Family Matters Blog: Taking Stress Out of Reintegration
By Lisa Daniel
American Forces Press Service
WASHINGTON, July 2, 2012 The Defense Department is working to “fundamentally transform” the nation’s understanding of the invisible wounds of war, Defense Secretary Leon E. Panetta has said, and nowhere is that more apparent than at the Defense Centers of Excellence for Psychological and Traumatic Brain Injury.
DCoE is out in front on recognizing psychological problems among service members and recently began reaching out to military members and their families through social networking.
One event, now common in military family life -- that also can be largely misunderstood -- is a service member’s redeployment home. Public Health Service Lt. Cmdr. Dana Lee, a licensed clinical social worker in reintegration and deployment health at DCoE in Silver Spring, Md., recently took part in a Facebook chat with families about how to give service members a smooth transition back into their home life.
People often have unrealistic views of how a redeployment will be, Lee told me in a follow-up interview. “A lot of people think of it as a series of positive events,” she said. “You’re reunited with your family and friends, you’re going back to your favorite restaurants and activities.”
But returning to the routine of home life after war also can be a “period of extended stressors,” she added. “There are expectations that come with coming back. When you’re deployed, you’re focused on mission completion. There are different routines at home.”
A lot of things happen in the months that a service member is away, Lee explained. The kids have grown and changed, maybe the house is different, there may be a new car, and the couple’s relationship may have changed.
Many couples – or one member of the couple – may want to dash off to Disney World or throw a big party or family reunion for what many see as the ultimate celebration. But some redeploying service members may need down time to decompress, Lee said.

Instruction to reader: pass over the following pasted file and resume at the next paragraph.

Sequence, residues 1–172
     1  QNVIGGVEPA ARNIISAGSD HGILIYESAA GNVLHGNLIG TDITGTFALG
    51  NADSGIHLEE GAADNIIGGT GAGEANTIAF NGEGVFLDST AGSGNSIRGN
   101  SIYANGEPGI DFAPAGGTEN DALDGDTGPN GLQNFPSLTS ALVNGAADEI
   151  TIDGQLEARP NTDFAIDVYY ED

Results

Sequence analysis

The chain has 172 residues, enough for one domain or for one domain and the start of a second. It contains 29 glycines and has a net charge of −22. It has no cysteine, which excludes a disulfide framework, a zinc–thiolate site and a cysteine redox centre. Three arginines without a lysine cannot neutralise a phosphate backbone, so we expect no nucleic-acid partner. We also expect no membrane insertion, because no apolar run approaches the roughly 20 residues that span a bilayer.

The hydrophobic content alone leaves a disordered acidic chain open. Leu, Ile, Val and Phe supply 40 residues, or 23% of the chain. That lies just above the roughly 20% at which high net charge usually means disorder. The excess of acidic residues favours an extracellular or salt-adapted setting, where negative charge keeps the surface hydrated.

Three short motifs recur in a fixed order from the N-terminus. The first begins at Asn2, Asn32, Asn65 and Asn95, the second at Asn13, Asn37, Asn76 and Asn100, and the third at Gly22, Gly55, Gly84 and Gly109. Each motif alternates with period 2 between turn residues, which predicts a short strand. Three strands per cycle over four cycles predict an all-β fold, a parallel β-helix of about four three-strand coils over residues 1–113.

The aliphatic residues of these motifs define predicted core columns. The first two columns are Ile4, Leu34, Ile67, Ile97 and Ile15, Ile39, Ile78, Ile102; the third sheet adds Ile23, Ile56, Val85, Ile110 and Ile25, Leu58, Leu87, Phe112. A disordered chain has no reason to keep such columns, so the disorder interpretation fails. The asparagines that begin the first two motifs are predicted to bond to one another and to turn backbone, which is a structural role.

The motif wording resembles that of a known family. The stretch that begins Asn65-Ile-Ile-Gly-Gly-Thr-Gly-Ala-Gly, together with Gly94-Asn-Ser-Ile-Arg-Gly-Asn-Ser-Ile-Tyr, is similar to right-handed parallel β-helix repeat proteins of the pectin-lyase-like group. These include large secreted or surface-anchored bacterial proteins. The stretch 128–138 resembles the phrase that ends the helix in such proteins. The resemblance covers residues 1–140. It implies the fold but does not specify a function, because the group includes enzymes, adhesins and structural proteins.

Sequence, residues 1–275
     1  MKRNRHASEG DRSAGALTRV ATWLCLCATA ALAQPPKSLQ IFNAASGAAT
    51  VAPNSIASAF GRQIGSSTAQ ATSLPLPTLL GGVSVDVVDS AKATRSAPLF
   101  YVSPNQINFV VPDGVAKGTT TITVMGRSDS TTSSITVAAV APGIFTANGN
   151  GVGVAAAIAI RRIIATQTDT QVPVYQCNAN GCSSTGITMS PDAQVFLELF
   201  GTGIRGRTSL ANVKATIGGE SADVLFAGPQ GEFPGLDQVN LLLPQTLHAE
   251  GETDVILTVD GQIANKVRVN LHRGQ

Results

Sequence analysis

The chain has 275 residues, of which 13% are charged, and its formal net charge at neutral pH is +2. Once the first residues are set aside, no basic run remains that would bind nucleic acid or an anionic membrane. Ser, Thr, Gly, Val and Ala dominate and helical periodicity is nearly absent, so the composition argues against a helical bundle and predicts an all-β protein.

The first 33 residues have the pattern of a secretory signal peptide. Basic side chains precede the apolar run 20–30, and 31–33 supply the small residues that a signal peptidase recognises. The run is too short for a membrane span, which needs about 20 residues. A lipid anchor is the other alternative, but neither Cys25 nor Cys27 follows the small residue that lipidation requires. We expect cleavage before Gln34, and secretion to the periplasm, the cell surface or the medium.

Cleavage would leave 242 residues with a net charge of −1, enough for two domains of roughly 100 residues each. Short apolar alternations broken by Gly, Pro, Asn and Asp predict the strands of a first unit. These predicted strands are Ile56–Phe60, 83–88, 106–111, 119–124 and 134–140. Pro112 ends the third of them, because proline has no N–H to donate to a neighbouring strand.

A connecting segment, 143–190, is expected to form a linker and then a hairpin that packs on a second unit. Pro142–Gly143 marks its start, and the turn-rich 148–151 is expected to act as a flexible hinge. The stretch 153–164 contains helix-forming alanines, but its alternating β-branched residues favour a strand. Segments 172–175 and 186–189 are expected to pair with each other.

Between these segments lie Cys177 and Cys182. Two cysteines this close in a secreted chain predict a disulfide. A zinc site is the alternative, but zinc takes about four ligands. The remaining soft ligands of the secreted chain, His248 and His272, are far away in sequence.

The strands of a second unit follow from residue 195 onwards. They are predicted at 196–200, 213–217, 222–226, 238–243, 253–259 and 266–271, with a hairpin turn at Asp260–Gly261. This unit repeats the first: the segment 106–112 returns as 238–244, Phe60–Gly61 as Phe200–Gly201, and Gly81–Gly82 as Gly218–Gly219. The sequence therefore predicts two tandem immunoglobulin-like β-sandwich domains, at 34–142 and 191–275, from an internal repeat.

Communication is key to understanding what the service member wants and needs, Lee said. “Include your service member in the planning process so they can have a say in what is happening,” she said.
While some reintegrated troops are ready for a big welcome-home party, some may be exhausted or overwhelmed by that, Lee said. “Some people when they just get back, all they want to do is catch up on their sleep,” she said. “Some may sleep 20 hours a day for a few days just to catch up.
“The service member may be thinking, ‘I just want to get the basics done: relax, sleep, have a good burger.’”
Reintegration should be viewed as a process, rather than a timed event, Lee said. There is no set time in which a service member should feel fully acclimated, she said.
Reintegration affects the whole family, Lee said, and family members should understand that it is OK to spend time apart. “It’s OK to look at your routines and do what you need to do for yourselves,” she said.
Families should talk about the changes openly and, if a service member is deployed, start the conversation then. “The conversation should not start as soon as the service member gets back,” she said.
It is common for troops to have disagreements or flashbacks as they reintegrate, Lee said. Some signs that a service member may need professional help with reintegration is if he or she has excessive anger, depression, symptoms of post-traumatic stress, is using illegal drugs or misusing prescription drugs, or drinking alcohol excessively, she said.
“It goes back to functioning,” Lee said. “If you notice increased anger and it’s really not the same person you knew before deployment, and the anger is impacting family relationships, or if they are isolating themselves,” then it may be time to reach out to a counselor or clergy members, she said.
“We know that when you break your leg, you’re going seek treatment,” Lee said. “But it’s also vital that people with invisible wounds seek help, too.”